23. Ok…as I read this. I came to the realization that I was not breathing!! Glad that it ended happily and the finished piece is gorgeous!

  24. I was sitting on the edge of my seat, leaning forward, heart racing… I was that knitter. I loudly hooted in triumph as the knitter narrowly made it to the end. I looked up only to remember I’m at work, in the middle of my fellow programmers. Programmers are a quiet lot, you see.

  25. When the low fuel light goes on in the car, I naturally drive a little faster to get to the gas station. So far, it has worked. I’ve never run out of gas that way.
    Apparently the same holds true for handspun yarn on a project. Just knit a little faster. Good to know.

  26. That. was. AWESOME! I felt the angst right up to the end and I’m so glad it worked out. And Holy #$%@&, that’s a tiny tail left.

  27. Good grief. Why hasn’t it ever occurred to me to measure by arm-length and knot, when trying to determine how much each row takes? Best tip today.

    And good job on making use of every precious inch of your handspun. The shawl is beautiful!

  28. I am TOTALLY flattered that you chose one of my designs. I’m sorry for the nail-biting finish, but WHAT A LOVELY RESULT!!! 🙂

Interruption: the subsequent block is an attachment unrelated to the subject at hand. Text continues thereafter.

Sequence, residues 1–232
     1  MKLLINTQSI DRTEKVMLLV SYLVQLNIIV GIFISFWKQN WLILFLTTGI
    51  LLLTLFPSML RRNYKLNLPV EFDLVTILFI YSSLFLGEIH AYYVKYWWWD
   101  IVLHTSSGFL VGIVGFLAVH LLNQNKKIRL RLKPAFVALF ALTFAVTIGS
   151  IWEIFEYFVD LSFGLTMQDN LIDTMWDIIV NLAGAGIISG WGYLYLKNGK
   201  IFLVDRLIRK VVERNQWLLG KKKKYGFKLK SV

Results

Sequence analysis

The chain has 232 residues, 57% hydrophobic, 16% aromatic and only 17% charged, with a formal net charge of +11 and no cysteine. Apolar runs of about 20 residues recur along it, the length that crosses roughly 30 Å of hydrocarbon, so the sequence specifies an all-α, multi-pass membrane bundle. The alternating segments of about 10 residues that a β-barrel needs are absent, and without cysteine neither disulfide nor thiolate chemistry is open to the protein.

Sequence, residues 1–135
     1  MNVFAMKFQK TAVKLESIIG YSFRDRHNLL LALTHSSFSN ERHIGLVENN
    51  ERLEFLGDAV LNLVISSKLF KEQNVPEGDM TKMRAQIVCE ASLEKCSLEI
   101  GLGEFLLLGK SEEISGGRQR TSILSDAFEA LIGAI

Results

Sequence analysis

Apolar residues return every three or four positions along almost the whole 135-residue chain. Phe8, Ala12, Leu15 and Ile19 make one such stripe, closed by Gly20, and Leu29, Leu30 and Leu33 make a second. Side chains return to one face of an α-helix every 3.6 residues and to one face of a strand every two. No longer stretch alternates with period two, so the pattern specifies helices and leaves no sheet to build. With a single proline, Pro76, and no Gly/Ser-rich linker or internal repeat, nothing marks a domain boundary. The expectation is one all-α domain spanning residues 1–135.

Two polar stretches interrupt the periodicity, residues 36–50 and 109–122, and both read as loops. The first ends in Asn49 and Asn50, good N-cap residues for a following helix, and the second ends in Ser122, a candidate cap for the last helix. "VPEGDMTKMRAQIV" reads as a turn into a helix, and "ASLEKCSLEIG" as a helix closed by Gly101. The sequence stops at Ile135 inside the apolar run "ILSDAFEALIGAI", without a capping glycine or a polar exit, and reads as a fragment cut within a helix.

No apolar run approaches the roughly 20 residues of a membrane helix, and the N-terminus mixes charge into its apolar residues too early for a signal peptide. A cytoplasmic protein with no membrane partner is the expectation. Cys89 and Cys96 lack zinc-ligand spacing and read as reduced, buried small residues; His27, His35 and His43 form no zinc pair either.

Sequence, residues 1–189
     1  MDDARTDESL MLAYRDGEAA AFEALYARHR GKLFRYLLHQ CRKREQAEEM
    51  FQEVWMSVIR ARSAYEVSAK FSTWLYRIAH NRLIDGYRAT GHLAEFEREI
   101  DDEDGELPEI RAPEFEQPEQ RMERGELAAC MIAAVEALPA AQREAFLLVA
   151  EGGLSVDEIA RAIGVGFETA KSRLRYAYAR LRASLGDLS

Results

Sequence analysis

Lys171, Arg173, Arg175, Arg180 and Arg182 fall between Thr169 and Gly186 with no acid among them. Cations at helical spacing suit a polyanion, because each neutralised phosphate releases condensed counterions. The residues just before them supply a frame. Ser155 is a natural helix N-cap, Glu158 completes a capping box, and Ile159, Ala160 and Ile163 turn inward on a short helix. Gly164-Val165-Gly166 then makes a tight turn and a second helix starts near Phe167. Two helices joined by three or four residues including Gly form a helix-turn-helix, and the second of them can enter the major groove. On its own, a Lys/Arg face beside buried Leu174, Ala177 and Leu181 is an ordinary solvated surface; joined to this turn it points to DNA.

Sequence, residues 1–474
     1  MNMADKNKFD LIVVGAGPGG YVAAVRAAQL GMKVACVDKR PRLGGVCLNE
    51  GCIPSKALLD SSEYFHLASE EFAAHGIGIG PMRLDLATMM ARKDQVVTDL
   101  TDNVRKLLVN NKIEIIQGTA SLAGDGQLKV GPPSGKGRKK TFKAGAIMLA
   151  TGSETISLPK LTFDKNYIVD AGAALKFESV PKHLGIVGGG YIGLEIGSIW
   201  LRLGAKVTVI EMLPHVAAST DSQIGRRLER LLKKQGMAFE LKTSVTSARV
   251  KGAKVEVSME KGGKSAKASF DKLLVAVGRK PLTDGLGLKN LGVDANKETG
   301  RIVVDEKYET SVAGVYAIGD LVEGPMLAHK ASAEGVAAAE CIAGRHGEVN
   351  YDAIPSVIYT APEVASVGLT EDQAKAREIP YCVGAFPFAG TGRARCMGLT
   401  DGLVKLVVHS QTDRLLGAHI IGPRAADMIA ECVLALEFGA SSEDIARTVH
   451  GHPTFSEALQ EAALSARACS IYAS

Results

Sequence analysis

• @Verybusymonkey- well now you have a MOST famous pattern! It will now appear on thousands of necks and shoulders. It really is adjustable from the notes of others.

  29. I am fairly certain that you are the only person in the world that can write a story about knitting a shawl that literally leaves me with my heart racing and a giant exhale of relief at the end. Beautiful work!

  30. Oh My! I have been there. I know that feeling. Well okay, all of those feelings. You have a way with words and I for one am glad that I read your blog. To know that someone else goes through the same things that I go through makes me feel so much less alone.

    I especially liked the last line of this post…”Mic drop. KNITTER OUT.”

    Thank you Stephanie. You are my hero.

  31. Gorgeous shawl! And finally, karma is good!!! You deserve that too…because we also know about the ones where you didn’t knit fast enough.

    • Let us discuss the forms of yarn harlotry. The only contribution I have is that the applicant must admire, love, covet and hoard yarn, in all its forms. Surely there are refinements?